Again, for some reason I can’t quite recall the color of the robes the monks were wearing. Most Korean Buddhist monks wore gray robes, at least when they were out in public, eating ice cream at Lotteria, begging (I gave a monk 10,000 won [approximately ten dollars] once when he approached me, bowing and asking for money, and in exchange he gave me a little parchment thing with a picture of Bodhidharma on it that I hung on my bedroom wall), or doing whatever monks do, but for the life of me I can’t recall if these monks at the memorial service were wearing gray robes or saffron robes or maroon robes or what.
I do remember that the food they served us afterwards — vegetarian Korean cuisine — was fantastic.
As you may be able to intuit, my deceased Korean friend and her family were/are Buddhists.
Am I a Buddhist? No. Anthropologically speaking, I am a Christian, more specifically Protestant, more specifically than that Southern Baptist. That is the religion my family brought me up in, and as I have neither formally renounced it nor have I converted to anything else, I am still a Southern Baptist, at least in the anthropological sense.
“In the anthropological sense” means that if an anthropologist a hundred years from now were to study Lawson, Arkansas, its former inhabitants, and their culture, she or he would likely discover that there was (or maybe still is) a Southern Baptist church in the middle of Lawson, and would from that deduce that most if not all of the inhabitants of Lawson during my lifetime (and for quite a while before and presumably after my lifetime) were Southern Baptists.
Do I believe all of the teachings of the church I was raised in, literally speaking? No. Not literally. I do believe that there is a lot of value in Jesus’ teachings — especially “love thy neighbor as thyself” — and I do try to follow teachings like that one, even though I don’t literally believe all of the things taught in the Southern Baptist tradition.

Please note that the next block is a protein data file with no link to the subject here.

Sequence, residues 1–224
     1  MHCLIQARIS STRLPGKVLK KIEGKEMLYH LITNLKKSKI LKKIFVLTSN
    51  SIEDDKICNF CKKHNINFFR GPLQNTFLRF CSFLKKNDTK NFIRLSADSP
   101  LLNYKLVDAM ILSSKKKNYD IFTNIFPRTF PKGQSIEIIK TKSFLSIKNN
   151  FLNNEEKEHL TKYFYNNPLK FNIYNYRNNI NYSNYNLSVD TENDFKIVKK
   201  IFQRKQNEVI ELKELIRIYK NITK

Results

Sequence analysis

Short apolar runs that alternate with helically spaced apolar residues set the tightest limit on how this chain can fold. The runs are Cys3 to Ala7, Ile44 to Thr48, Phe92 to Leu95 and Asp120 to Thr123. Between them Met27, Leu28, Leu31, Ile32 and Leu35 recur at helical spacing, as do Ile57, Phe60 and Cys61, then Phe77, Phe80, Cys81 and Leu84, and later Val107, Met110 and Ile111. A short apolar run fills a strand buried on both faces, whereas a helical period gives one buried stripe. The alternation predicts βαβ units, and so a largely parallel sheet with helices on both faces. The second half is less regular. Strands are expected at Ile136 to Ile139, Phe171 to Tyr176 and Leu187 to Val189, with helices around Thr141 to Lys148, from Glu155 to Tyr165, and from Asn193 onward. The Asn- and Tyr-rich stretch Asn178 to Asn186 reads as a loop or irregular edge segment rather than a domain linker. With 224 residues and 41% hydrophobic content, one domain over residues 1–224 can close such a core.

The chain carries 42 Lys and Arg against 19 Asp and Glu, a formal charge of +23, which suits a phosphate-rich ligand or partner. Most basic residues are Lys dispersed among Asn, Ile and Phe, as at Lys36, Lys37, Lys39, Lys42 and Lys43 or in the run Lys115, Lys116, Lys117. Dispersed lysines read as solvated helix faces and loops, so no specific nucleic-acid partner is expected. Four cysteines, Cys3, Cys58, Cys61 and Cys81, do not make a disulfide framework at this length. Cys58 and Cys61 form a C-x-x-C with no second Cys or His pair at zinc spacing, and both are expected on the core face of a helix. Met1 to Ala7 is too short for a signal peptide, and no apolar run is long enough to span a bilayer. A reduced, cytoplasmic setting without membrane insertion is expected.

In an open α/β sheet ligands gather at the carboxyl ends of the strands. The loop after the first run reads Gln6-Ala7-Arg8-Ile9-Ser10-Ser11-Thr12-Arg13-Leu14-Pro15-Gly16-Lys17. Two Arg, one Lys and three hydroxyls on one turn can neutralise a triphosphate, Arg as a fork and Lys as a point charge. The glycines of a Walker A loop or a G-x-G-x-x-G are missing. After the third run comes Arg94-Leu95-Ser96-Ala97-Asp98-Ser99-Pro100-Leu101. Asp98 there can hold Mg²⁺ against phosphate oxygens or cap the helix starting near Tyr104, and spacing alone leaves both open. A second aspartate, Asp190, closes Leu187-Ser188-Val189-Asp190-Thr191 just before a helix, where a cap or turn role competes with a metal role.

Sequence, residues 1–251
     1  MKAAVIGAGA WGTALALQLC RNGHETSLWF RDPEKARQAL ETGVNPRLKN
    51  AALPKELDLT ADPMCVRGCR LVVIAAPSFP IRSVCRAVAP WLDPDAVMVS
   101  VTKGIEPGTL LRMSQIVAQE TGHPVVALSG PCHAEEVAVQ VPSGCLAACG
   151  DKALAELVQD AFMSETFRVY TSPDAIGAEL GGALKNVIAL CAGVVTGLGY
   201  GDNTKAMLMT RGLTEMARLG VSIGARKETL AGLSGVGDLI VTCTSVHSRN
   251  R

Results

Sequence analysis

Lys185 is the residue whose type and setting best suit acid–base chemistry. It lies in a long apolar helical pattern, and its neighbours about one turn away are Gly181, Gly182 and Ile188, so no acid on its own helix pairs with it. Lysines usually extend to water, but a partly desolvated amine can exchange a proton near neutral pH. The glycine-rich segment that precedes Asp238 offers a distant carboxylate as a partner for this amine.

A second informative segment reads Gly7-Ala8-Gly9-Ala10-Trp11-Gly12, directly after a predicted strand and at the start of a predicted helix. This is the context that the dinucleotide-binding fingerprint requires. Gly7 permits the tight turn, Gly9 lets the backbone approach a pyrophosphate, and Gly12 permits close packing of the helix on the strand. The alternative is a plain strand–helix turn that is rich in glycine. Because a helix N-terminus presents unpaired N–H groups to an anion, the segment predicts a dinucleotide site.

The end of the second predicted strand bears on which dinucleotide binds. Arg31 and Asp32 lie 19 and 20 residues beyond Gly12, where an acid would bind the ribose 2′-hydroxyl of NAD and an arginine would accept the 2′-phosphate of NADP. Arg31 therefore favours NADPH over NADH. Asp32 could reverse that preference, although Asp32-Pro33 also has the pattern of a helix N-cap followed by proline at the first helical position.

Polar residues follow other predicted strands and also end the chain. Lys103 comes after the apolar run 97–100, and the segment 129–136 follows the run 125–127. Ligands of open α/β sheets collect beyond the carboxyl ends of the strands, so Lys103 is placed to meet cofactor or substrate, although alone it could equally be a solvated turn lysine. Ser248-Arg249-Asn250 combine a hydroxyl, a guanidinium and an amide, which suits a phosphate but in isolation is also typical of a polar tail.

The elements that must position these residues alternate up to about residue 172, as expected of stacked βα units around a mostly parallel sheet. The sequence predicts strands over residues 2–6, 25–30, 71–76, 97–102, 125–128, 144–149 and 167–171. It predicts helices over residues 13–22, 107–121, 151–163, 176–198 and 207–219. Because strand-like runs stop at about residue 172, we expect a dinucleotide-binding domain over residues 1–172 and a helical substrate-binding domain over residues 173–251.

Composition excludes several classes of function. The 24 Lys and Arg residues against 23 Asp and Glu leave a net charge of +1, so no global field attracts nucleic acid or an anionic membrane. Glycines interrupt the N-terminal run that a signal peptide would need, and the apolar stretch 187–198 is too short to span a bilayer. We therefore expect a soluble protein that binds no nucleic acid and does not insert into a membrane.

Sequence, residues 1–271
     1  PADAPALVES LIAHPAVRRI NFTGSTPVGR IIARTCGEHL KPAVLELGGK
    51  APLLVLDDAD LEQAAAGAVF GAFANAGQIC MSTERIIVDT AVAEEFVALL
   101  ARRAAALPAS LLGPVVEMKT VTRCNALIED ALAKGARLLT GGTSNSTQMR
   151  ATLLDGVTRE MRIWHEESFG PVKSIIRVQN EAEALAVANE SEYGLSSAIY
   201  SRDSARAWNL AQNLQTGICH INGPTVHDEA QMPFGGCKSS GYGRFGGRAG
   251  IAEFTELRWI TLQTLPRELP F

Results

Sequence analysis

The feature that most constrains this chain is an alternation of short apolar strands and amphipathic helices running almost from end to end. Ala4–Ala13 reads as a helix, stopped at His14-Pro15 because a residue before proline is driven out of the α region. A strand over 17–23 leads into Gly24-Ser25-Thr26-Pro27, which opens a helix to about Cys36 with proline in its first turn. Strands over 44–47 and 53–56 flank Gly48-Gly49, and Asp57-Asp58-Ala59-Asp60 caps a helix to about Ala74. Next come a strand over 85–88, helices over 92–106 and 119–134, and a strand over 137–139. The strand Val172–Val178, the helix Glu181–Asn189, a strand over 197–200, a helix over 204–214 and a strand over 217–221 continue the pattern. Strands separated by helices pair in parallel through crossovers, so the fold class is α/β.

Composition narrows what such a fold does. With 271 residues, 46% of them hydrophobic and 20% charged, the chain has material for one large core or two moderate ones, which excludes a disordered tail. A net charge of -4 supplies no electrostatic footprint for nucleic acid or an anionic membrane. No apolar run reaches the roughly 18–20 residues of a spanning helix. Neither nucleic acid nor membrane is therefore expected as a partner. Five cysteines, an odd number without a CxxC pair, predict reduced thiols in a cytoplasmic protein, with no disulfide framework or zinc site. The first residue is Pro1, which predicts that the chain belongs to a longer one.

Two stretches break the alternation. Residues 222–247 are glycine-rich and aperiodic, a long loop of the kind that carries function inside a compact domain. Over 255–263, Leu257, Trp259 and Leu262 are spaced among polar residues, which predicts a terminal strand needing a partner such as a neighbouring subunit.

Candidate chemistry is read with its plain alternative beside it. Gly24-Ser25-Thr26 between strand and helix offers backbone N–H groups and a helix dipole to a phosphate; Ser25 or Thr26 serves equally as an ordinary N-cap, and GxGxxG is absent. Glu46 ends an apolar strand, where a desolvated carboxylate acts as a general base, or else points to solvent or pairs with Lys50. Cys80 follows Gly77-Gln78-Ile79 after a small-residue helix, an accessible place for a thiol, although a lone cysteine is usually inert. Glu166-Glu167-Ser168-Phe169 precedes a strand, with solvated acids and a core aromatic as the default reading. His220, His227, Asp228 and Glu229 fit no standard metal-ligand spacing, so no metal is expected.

But am I an “atheist”? Well, in the sense that I don’t literally believe in the things “theists” are supposed to believe in, I suppose I am. For instance, I don’t literally believe that “God” is a conscious entity sitting up in Heaven passing judgement on everyone. To my view, if that were the case, God’s “will” goes, more often than not, directly against the teachings of Jesus: if everything that goes on in the world is literally the result of a conscious entity sitting up in Heaven controlling everything, then rape, murder, child abuse, torture, hatred, racism, sexism…if “God is in control,” as many religious people like to say, then these terrible things are not the result of the actions of terrible people, they are the result of the “will of God.”
This (heretical?) line of thought is an extension of the age-old question “from whence cometh evil?” It’s not a new line of thought by any means.
And if you believe God created everyone with their own special attributes and their own purpose, do you believe God created me and my inquisitive nature?
Do you believe God would punish me for asking questions, when it was God’s will that I be born with an inquisitive nature?
Perhaps you do. I don’t, but you might. And as long as you don’t take it upon yourself to enforce what you believe God’s will to be — people have been executed for less heresy than what I have just written — I have no problem with you believing that.
I was fortunate enough to be born in a country where religion is not forced upon anyone. And out of respect for the concept of “freedom of religion,” I don’t require anyone to hold any set system of belief (or non-belief) for them to be my friend. As long as their belief (or non-belief) makes them a nicer, more humane person, I really don’t give two rotten farts what they do or don’t believe.
But before I get into that, I would like to back up and further explain my position regarding “atheism”:
In the sense that I don’t literally believe in the things mentioned above, I suppose I could be considered one. But the fact remains that I don’t quite consider myself to be one.
What do I mean by that? I will attempt to explain: